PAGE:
Layton Art Collection Board expands partnership with Milwaukee Art Museum

Posted on December 22nd, 2014

Layton Art Collection Board expands partnership with Milwaukee Art Museum
Agreement renews decades-old commitment to protecting Layton’s legacy

Milwaukee, Wis. – The Layton Art Collection, Inc., led for many years by Frederick Vogel III, chair of the Layton Works of Art Committee, and now by Eric Vogel, the current Layton board president, has renewed its historic agreement with the Milwaukee Art Museum to preserve and protect the Layton Collection at the Milwaukee Art Museum. The Collection, which served as the foundation for Milwaukee’s first public art gallery, has been housed at the Museum since 1957.

“The Museum could not be more proud to continue our partnership with the Layton Art Collection Board of Trustees. The legacy of Frederick Layton, through the generosity of his original gift to Milwaukee of the Layton Art Gallery and the ongoing efforts of the Layton Board of Trustees to acquire works of fine and decorative art, will continue to be enhanced, protected and shared through the Museum’s stewardship and presentation of this important Collection,” said Dan Keegan, director of the Milwaukee Art Museum. “It is an honor to continue our long standing partnership with the Layton Art Collection.”

The new agreement is an extension of a 1955 arrangement in which the Layton Art Gallery and the then-Milwaukee Art Institute coordinated a partnership to showcase the Layton Collection inside the soon-to-be-completed Milwaukee County War Memorial Center. Since that time, under the leadership and counsel of the Layton Art Collection Board of Trustees, the Milwaukee Art Museum has housed and been entrusted with Layton’s Collection.

“I want to thank the leadership of the Milwaukee Art Museum for their continued dedication to Frederick Layton’s legacy,” said Eric Vogel, president of the Layton Art Collection, Inc. “We entered into this collaborative agreement as friends and partners for the benefit of the Milwaukee community, and I think the outcome of this agreement will only reinforce our mutual commitment to protecting and presenting Layton’s masterworks for all to enjoy. After 126 years, Frederick Layton’s name and legacy will continue to play an integral role in supporting the visual arts in Milwaukee.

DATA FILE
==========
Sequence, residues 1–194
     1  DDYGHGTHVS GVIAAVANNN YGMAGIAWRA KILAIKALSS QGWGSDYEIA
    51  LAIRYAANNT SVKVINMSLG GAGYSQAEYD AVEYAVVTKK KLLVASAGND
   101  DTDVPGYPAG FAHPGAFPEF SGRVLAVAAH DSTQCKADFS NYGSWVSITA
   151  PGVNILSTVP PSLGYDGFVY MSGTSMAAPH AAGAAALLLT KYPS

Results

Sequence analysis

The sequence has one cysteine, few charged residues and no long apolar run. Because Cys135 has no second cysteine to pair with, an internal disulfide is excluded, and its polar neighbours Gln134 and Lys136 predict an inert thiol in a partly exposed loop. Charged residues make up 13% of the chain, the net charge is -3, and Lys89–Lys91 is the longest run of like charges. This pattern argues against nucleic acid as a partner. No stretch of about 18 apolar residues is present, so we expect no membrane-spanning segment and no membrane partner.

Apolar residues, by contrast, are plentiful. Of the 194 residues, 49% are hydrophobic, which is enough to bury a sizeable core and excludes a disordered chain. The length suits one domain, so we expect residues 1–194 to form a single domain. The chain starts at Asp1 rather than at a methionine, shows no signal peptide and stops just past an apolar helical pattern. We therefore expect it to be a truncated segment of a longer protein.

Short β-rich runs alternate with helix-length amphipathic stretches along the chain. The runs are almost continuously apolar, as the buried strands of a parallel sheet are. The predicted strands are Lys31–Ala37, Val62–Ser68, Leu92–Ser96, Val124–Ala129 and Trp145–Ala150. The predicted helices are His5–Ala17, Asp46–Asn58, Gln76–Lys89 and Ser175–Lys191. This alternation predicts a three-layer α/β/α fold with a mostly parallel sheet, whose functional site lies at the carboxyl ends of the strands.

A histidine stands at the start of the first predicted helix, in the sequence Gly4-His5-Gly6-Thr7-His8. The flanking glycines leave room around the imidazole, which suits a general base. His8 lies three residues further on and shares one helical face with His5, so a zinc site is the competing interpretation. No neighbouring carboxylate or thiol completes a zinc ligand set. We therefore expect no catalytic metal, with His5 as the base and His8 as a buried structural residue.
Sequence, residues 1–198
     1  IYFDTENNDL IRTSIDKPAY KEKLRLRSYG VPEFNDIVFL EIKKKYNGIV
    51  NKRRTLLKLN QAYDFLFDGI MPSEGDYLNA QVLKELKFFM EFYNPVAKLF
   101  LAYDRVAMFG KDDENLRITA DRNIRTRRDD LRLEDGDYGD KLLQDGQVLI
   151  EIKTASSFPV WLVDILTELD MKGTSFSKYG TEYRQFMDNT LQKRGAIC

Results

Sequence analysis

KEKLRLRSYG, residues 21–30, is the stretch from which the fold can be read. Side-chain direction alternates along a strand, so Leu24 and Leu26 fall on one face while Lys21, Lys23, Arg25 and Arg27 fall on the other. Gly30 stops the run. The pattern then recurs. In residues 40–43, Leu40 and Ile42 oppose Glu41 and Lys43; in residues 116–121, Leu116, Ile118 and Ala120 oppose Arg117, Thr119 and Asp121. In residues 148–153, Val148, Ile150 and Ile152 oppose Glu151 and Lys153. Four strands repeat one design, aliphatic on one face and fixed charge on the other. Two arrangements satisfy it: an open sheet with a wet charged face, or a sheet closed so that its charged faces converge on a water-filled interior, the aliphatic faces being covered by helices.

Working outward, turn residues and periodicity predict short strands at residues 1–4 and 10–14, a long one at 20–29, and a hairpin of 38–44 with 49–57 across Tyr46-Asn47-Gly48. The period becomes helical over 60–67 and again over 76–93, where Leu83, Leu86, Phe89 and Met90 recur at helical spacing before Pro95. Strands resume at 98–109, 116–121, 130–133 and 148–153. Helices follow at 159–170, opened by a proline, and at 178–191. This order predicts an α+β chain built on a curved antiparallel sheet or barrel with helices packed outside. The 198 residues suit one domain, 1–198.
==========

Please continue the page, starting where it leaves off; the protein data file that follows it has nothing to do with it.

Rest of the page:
Under the renewed contract, the Layton Art Collection Board of Trustees retains ownership of the works in the Layton Collection, and the Milwaukee Art Museum retains responsibility for stewardship and presentation of the works. Works that are in the Layton Collection will be specially labeled when the Museum reveals its new gallery spaces in 2015, and there will be a dedicated gallery to honor Mr. Layton and the legacy of the original Layton Art Gallery as well.

“Frederick Layton opened Milwaukee’s first-ever public art gallery in 1888, which laid the foundation for the Milwaukee Art Museum. Since his death in 1919, the Layton Board has strengthened and expanded the Layton Collection, which is now a nationally respected collection of early American painting, furniture and decorative arts, as well as important European paintings from the 19th century, and select examples of 20th century American modern art,” said Vogel. “This historic agreement guarantees that the public will continue to experience the full range and diversity of the Layton Art Collection for generations.”

Prominently situated on the shores of Lake Michigan, the Milwaukee Art Museum campus welcomes over 400,000 visitors annually. The Museum was founded over 125 years ago and is the largest and most significant art museum in Wisconsin. It houses a rich collection of over 30,000 works, with strengths in 19th- and 20th-century American and European art, contemporary art, and American decorative arts. It is the world’s leading repository for work by untrained creators and has one of the largest collections of works by Georgia O’Keeffe. The Museum’s celebrated Santiago Calatrava–designed Quadracci Pavilion, completed in 2001, showcases both Museum-produced and traveling feature exhibitions.

Beginning in fall 2014, the Museum began an ambitious project to renovate its two oldest buildings, the Eero Saarinen–designed War Memorial Center (1957) and the David Kahler–designed addition (1975), which house the Museum’s Collection Galleries. Increased gallery space, including an entire floor dedicated to photography and new media, an improved gallery layout, and a new lakeside entrance are among the improvements planned. The collections will be off view through fall 2015; however, the Museum is open throughout construction, with a vibrant schedule of exciting exhibitions, educational offerings, and special programs in the Quadracci Pavilion. For more information, visit mam.org.